Can The International Justice System Save Africa From Despots?

January 13, 2024
5 mins read

By Ronald Elly Wanda
Friday, July 16, 2010.
The beginning of June 2010, saw Uganda’s capital Kampala, the heartbeat of Africa, play host to the first ever Review Conference of the Rome Statute, which in 2002 gave birth to the International Criminal Court (ICC). A timely event that triggered a renewed interest in discussions centered on the limits and possibilities of international justice serving African interests. Questions such as: “is there sufficient gravity for Africans to depend on the International Criminal Court (ICC) to deliver local justice?” dominated civil talks at malwa (local brew) dens in towns and villages right across the continent.
In East Africa, the Kenyan Nobel Peace laureate, Wangari Maathai, added to the works. Writing in an East African weekly prior to the conference, and in reference to her native Kenya- which saw 1300 killed and more than half a million internally displaced following the post-election violence of late  2007, she argued that Africa has leaders that make violence against humanity seem worthwhile.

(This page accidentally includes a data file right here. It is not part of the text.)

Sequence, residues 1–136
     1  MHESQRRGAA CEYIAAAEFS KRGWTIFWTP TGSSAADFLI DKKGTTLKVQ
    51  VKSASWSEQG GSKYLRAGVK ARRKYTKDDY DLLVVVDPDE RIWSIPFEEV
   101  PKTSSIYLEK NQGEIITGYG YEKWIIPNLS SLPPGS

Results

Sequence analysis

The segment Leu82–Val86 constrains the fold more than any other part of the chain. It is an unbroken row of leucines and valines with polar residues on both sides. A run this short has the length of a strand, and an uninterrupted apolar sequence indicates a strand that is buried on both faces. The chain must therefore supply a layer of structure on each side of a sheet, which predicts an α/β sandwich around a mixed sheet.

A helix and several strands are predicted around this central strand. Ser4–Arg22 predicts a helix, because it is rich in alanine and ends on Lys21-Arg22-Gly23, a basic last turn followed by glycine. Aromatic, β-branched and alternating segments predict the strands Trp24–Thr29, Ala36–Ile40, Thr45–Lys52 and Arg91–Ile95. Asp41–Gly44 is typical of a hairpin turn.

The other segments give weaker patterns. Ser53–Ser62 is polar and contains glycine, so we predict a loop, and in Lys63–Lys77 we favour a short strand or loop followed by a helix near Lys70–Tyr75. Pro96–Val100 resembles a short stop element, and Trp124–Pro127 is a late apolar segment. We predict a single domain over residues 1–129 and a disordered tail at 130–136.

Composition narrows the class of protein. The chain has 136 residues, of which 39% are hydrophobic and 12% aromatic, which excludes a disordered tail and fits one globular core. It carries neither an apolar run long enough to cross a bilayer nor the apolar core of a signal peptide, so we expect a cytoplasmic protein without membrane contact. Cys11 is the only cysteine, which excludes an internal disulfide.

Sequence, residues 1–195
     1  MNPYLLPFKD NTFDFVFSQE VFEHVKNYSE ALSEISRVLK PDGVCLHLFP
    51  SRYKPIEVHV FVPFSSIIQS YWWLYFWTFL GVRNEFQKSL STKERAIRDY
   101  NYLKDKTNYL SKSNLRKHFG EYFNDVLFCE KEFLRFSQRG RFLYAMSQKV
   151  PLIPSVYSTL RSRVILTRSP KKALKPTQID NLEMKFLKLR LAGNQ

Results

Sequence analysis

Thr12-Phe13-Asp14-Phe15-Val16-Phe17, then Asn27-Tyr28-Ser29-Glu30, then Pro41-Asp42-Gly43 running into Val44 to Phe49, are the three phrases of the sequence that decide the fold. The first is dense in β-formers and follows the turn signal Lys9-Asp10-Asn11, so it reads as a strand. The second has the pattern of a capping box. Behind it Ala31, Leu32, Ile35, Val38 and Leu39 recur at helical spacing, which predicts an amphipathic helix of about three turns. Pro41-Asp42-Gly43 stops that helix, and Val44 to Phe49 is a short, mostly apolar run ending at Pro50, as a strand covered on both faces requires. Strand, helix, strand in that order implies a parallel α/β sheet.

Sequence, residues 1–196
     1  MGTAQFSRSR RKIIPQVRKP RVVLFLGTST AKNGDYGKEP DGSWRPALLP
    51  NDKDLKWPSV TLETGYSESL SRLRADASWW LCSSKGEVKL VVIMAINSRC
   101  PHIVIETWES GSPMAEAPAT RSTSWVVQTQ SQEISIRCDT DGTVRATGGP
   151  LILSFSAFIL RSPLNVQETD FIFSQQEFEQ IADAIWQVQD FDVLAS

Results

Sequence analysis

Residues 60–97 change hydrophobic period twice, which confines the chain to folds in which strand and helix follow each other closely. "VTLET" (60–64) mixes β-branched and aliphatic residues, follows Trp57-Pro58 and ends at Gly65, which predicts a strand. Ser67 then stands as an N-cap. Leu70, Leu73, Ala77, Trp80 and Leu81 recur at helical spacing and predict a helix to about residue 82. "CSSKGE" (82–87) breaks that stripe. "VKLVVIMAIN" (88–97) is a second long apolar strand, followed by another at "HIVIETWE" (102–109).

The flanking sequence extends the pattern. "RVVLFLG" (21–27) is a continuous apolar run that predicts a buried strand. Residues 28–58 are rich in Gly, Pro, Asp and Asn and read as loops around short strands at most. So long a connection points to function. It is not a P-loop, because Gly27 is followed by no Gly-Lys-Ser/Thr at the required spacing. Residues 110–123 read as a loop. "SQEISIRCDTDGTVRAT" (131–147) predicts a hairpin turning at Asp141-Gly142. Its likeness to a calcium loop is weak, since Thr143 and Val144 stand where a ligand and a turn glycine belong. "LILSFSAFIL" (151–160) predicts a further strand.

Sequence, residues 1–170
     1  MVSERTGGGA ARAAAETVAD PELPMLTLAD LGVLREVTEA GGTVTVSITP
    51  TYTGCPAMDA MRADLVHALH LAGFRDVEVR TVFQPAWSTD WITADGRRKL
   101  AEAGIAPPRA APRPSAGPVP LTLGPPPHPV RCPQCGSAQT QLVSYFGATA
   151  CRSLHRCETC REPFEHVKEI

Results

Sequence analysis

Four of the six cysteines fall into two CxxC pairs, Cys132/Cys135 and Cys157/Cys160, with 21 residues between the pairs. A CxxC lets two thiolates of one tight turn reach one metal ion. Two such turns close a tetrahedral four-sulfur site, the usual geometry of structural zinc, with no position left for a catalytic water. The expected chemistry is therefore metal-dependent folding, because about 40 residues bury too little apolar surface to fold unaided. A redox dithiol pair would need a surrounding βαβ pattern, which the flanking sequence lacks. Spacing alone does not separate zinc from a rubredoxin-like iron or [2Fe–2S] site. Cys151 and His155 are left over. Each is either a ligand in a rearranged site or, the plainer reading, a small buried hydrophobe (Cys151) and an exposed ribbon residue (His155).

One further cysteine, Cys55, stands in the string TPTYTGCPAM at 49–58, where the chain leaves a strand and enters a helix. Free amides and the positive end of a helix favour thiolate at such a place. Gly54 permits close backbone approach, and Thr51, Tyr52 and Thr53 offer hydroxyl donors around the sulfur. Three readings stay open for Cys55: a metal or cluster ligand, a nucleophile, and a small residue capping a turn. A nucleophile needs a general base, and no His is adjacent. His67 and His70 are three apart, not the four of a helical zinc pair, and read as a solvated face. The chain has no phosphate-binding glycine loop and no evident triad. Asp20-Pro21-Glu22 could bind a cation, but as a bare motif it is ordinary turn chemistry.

“These leaders”, Maathai observed, “mobilized their supporters, mostly from their communities, to go and kill and rape and destroy members of other communities”. Accordingly, Maathai affirmed that Africans support the ICC in bringing to an end the culture of impunity by holding those who commit such crimes in Africa to account. “Impunity”, noted the Professor, “not only perpetuates crimes against women, children and other civilians, it teaches successive generations how to continue the violence”.
Whilst it is difficult to fault the professor, my Pan-African impulse is very much enticed. From ancient European philosophers namely Plato and Aristotle, to notable African thinkers, Anta Diop, Nabudere, Mazrui, Mafeje and undoubtedly many others, runs a thread of universal agreement that the idea of justice inevitably suggests the notion of certain equality. In Africa this has not been the case.